Kuwait, Qatar & UAE eye ONGC petchem project

Nov 06 2013, 00:20 IST
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OMPL was incorporated in December 2006 (Reuters) OMPL was incorporated in December 2006 (Reuters)
SummaryThe state-run exploration company plans to hold 46% in the petrochemicals venture OMPL

Kuwait National Petroleum Company, Qatar Petroleum and Emirates National Oil Company are among a clutch of oil companies in Western Asia which have evinced interest in a 26% stake in ONGC’s soon-to-be-commissioned R6,000-crore petrochemicals complex in Mangalore, according to sources privy to the development.

The state-run exploration company plans to hold 46% in the petrochemicals venture ONGC Mangalore Petrochemicals (OMPL). Another 3% is to be held by ONGC’s subsidiary Mangalore Refinery and Petrochemicals (MRPL). The plan is to offer a 25% stake in OMPL to the public and find a partner/s for the remaining 26% stake.

OMPL was incorporated in December 2006. Earlier this year, ONGC had mandated ICICI Securities and Deloitte Touche Tohmatsu to find investors for the aromatic complex designed to produce 0.9 million tonnes per annum (mtpa) of paraxylene and 0.3 mtpa of benzene. Feedstock for the complex would be supplied by the MRPL refinery situated adjacent to OMPL.

When contacted, bankers handling the deal refused to divulge the valuation of the OMPL stake on offer.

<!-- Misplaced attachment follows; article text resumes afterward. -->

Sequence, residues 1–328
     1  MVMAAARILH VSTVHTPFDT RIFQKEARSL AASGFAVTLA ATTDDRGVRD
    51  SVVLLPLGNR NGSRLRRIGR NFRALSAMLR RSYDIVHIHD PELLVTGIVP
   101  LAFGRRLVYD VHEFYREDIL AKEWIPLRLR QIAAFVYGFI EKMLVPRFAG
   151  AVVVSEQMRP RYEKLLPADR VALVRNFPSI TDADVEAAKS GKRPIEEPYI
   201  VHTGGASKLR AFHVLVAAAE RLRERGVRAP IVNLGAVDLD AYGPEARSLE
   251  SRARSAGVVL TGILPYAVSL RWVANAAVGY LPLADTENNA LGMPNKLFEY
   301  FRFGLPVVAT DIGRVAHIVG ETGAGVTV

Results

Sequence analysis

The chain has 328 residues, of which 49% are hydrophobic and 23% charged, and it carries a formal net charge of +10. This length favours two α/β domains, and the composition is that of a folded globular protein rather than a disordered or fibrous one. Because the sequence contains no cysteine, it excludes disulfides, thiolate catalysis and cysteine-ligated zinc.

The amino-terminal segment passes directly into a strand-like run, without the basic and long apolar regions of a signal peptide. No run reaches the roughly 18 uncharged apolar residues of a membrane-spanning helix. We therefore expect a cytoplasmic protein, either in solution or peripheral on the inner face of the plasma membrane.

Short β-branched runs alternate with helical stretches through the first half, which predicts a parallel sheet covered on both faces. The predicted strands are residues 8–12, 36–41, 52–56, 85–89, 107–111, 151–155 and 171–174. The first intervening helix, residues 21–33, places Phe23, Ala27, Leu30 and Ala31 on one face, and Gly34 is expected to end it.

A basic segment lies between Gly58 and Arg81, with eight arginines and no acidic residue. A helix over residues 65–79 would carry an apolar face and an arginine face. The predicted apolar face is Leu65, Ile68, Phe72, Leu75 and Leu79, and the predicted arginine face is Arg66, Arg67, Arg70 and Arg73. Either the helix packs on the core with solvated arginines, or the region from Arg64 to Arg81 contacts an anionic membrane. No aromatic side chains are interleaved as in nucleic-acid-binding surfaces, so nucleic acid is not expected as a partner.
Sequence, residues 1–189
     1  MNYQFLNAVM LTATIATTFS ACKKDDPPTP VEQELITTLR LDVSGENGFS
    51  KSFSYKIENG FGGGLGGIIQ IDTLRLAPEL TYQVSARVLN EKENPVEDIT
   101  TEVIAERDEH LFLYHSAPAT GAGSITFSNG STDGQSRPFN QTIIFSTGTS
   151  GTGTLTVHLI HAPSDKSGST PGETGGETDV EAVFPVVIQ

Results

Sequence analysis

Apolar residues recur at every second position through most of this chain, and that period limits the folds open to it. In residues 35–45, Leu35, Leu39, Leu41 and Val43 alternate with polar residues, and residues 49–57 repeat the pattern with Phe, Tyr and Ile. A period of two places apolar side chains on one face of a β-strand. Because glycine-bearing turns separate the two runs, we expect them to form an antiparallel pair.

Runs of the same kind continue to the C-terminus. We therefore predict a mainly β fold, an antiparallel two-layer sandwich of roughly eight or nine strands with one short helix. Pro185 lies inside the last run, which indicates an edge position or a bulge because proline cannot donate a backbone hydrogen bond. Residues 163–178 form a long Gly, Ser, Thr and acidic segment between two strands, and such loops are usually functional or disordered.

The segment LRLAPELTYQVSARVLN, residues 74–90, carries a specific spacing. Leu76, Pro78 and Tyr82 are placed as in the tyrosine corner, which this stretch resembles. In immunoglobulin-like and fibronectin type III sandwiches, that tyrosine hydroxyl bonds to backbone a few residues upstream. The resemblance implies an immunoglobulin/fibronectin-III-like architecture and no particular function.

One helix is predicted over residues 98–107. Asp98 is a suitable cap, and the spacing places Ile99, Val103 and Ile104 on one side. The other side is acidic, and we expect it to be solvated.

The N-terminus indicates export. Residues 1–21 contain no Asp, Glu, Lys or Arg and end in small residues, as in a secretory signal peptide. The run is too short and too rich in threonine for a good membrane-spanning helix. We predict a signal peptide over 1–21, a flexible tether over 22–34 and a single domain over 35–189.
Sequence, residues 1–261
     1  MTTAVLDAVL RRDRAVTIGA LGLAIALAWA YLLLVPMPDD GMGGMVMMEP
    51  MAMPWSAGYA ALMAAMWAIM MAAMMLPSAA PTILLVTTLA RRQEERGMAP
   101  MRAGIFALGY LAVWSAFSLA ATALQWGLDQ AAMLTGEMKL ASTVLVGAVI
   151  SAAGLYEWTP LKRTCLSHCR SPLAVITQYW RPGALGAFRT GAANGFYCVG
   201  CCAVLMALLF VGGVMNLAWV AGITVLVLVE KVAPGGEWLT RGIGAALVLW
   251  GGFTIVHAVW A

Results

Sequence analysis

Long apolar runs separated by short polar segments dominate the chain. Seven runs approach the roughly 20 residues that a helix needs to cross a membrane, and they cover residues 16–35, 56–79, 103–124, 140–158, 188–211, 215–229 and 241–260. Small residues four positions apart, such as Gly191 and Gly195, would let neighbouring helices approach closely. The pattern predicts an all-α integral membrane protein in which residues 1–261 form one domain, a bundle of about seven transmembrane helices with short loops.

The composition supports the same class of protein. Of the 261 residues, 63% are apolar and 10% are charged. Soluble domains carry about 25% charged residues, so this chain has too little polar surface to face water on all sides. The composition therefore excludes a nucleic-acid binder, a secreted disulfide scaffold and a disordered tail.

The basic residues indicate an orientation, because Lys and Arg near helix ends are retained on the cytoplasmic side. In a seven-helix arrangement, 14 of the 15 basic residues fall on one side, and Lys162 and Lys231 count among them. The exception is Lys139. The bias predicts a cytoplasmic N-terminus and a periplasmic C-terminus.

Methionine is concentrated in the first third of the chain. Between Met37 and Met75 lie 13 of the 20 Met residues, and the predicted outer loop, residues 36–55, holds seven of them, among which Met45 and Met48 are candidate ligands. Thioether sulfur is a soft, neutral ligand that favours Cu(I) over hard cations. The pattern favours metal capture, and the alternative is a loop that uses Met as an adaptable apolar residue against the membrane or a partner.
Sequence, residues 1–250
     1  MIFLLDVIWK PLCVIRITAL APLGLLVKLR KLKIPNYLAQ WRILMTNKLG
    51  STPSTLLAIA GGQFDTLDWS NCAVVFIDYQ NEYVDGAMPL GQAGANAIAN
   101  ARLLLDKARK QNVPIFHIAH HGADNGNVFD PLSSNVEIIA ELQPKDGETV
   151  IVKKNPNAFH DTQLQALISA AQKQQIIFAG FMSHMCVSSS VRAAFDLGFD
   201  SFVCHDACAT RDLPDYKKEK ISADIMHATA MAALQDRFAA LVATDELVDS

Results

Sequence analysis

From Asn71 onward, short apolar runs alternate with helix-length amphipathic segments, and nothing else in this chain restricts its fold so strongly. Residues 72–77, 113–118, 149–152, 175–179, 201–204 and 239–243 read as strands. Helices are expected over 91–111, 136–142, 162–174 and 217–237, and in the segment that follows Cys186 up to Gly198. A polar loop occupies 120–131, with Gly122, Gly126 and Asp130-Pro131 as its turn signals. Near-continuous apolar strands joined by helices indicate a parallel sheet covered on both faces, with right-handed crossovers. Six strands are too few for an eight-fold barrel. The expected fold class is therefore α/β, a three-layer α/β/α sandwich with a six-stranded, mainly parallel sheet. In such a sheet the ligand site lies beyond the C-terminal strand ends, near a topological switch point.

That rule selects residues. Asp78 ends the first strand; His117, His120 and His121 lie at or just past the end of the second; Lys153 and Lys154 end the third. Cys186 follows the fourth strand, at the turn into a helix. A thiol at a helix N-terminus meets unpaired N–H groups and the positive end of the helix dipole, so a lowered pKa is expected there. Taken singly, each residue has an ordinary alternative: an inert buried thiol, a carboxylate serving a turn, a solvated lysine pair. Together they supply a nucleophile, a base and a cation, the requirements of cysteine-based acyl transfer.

“We have seen a strong response to the expression of interest (EoI) floated to sell stake in OMPL. We expect to bring in investors by the end of this financial year by when we should also kick off operations at OMPL,” said an ONGC official, confirming the development. The official refused to comment on the valuation.

ONGC chairman Sudhir Vasudeva had said at MRPL’s September AGM that he expected OMPL to ship its first products by January-end. The complex is coming up in 442 acres in the Mangalore Special Economic Zone.

A deal with ONGC for the OMPL stake will come in handy for oil suppliers in West Asia looking at closer links in large Asian markets, with the US markets reducing its dependence on crude oil imports.

As for ONGC, the idea is not just to raise funds but also induct strategic investors with knowledge in the oil and gas sector into the venture.

Apart from OMPL, ONGC is promoting another petrochemicals plant at Dahej in Gujarat. The Dahej plant is being developed through a joint venture company ONGC Petro-additions Limited (OPaL) in which ONGC holds 26%. Like in the case of OMPL, ONGC is also looking to sell stake in the project through a strategic sale as well as an IPO. Saudi’s Aramco, the world’s largest oil company, is among investors who have expressed interest in the project.

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